Earlier this year, MyTwoCensus informed readers about a class action lawsuit that alleges that the Census Bureau discriminates in its hiring process against individuals who have been arrested even though they were never charged with a crime. MyTwoCensus.com subsequently received many inquiries from white/Caucasian people who were not hired by the Census Bureau for this reason and hoped to join this lawsuit and were told that because they were white/Caucasian they were unable to partake in the lawsuit. MyTwoCensus.com wrote to the lawyer in charge of the suit, Adam Klein, of the firm Golden Outten in New York to determine if this was true. Unfortunately, Mr. Klein confirmed that only minorities are eligible to participate in this lawsuit. This is a travesty because this lawsuit itself is now discriminatory against any non-minority who wasn’t hired by the Census Bureau because of alleged (though unproven) misconduct. MyTwoCensus encourages Golden Outten to open this suit to everyone, because if justice is served, it should be served for all.

FYI: http://www.censusdiscriminationlawsuit.com/

Wednesday, April 21st, 2010

The above site provides details about the recent class action hiring lawsuit. Ah, America’s lawyers embracing technology to make a quick buck. Love it.

First biracial president? Nope! First black president? Yes!

Saturday, April 3rd, 2010

Though MyTwoCensus would have classified President Obama as biracial, he views himself as “black” and his kids as “black” too. The following confirmation to our inquiries was first reported by the New York Times:

It is official: Barack Obama is the nation’s first black president.

A White House spokesman confirmed that Mr. Obama, the son of a black father from Kenya and a white mother from Kansas, checked African-American on the 2010 census questionnaire.

The president, who was born in Hawaii and raised there and in Indonesia, had more than a dozen options in responding to Question 9, about race. He chose “Black, African Am., or Negro.” (The anachronistic “Negro” was retained on the 2010 form because the Census Bureau believes that some older blacks still refer to themselves that way.)

Mr. Obama could have checked white, checked both black and white, or checked the last category on the form, “some other race,” which he would then have been asked to identify in writing.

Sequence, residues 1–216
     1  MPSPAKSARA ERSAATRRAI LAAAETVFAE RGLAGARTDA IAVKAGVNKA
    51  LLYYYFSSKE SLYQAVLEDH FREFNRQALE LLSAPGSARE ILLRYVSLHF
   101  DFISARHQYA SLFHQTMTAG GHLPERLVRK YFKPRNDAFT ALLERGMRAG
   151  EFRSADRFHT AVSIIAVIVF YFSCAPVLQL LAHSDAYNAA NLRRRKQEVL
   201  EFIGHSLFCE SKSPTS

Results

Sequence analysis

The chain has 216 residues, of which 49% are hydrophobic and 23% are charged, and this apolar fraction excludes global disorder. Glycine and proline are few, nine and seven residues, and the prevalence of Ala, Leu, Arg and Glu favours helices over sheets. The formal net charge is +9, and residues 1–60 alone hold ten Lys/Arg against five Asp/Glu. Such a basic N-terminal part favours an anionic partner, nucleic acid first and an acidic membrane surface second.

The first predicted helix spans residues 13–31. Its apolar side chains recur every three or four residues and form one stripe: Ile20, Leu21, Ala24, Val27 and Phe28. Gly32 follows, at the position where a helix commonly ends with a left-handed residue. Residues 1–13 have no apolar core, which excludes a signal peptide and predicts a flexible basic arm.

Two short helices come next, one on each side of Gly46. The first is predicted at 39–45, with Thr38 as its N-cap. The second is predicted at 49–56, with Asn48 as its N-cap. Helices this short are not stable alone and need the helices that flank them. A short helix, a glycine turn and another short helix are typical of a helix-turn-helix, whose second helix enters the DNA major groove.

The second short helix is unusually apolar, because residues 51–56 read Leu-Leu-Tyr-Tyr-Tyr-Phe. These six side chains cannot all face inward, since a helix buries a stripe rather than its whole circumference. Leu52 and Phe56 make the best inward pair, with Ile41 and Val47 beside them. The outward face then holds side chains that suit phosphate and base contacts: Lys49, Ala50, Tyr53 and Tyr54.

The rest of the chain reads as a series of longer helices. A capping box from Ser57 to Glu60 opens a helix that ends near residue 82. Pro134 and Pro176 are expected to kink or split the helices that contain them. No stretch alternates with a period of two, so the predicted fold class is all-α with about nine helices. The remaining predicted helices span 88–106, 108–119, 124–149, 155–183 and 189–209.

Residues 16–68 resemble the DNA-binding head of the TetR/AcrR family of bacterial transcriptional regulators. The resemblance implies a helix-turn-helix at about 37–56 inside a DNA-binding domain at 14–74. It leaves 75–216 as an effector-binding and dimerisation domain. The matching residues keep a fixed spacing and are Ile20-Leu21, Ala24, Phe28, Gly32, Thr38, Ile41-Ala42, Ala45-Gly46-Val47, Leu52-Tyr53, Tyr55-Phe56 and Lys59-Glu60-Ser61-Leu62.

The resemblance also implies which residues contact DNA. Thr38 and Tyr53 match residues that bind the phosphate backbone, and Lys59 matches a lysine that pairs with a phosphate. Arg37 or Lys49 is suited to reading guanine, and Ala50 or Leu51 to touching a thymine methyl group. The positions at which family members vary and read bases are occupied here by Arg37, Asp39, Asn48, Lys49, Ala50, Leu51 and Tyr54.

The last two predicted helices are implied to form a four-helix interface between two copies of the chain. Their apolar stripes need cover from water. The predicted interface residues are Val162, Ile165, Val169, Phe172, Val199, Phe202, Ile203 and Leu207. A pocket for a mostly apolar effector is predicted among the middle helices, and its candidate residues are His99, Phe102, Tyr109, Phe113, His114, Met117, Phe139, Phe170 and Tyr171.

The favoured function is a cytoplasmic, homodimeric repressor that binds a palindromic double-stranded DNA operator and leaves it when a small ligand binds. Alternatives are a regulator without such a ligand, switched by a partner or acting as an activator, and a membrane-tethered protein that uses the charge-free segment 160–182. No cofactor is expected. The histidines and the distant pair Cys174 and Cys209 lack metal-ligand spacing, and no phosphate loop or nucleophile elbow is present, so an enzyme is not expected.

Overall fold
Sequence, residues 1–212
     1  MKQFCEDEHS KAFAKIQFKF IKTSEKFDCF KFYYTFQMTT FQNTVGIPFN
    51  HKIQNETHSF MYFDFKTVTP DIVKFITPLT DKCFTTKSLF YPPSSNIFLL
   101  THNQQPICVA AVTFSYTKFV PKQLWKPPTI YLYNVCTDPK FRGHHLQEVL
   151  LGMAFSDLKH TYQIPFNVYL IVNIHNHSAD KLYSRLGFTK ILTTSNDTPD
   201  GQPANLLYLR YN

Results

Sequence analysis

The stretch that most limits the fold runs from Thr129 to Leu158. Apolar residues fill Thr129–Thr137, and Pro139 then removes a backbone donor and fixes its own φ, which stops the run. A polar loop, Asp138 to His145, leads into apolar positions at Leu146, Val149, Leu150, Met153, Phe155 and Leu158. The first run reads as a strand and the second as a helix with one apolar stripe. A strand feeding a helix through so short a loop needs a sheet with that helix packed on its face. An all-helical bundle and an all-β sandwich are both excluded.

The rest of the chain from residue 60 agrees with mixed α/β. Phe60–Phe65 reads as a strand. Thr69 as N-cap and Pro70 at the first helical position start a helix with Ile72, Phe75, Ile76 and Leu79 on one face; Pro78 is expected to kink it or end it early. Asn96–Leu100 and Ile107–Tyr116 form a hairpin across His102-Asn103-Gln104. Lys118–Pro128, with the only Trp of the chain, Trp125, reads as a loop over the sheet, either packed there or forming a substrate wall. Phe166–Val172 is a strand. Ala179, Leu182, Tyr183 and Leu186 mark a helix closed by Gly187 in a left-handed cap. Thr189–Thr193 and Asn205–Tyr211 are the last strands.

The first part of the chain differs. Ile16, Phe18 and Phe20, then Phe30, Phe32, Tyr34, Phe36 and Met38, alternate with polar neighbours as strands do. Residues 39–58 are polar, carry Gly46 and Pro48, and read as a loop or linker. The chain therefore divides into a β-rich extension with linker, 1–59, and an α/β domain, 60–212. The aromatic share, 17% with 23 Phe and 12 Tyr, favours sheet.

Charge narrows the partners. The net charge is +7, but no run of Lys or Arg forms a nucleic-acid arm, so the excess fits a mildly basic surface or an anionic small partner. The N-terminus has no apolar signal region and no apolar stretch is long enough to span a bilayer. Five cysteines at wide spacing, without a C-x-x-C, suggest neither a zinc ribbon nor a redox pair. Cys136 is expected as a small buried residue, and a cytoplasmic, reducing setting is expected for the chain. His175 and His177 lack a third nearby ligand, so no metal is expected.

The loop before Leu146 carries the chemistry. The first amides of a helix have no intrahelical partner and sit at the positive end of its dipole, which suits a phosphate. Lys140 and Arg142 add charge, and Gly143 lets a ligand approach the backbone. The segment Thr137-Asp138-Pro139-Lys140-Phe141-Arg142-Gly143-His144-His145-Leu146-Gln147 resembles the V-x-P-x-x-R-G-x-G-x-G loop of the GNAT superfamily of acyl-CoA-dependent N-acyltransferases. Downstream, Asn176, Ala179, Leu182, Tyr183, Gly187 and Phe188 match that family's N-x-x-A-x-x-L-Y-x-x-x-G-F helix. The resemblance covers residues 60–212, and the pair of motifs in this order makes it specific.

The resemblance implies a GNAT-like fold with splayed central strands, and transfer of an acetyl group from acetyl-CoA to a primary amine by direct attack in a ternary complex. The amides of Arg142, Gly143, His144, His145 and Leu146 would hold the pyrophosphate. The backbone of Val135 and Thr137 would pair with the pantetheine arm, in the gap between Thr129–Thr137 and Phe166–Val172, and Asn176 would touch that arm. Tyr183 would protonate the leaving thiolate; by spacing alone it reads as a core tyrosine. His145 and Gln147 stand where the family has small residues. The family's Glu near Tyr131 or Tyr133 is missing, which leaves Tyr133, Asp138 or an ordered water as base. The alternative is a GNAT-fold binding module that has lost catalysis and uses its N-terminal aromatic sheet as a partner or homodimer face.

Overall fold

There is no category specifically for mixed race or biracial.

Instructions for the census’s American Community Survey, which poses the question in the same way as the 2010 form, say that “people may choose to provide two or more races either by marking two or more race response boxes, by providing multiple write-in responses, or by some combination of marking boxes and writing in responses.”

In the 2000 census, when Americans first were allowed to check more than one box for race, about 6.8 million people reported being of two or more races.

Obama Completes Census Form But His Answers Are Unclear…Some Transparency Please?

Thursday, April 1st, 2010

According to the Associated Press, the White House did not respond as to how the President filled out the “race” question. This is a complex issue as President Obama is of mixed race, yet his wife and daughters and mother-in-law are likely considered to be African-American. But it’s still a pretty big and important question that the White House SHOULD answer. Let’s hope we get some info here, just so other multi-racial households will have some knowledge and guidance… (I just Tweeted a message over to @PressSec — Robert Gibbs — so hopefully he will respond!)

Federal Census officials get an earful from local community leaders

Thursday, March 18th, 2010

H/t to the St. Louis Post-Dispatch and the Associated Press for the following:

Days after U.S. Census forms began hitting mailboxes, local religious and government leaders are sounding alarms that St. Louisans will be undercounted thanks to wasteful efforts and poor planning.

The criticism came at a roundtable hosted by the Urban League of Metropolitan St. Louis, part of the federal government’s push to encourage community leaders to promote the decennial head count and get residents to return census forms.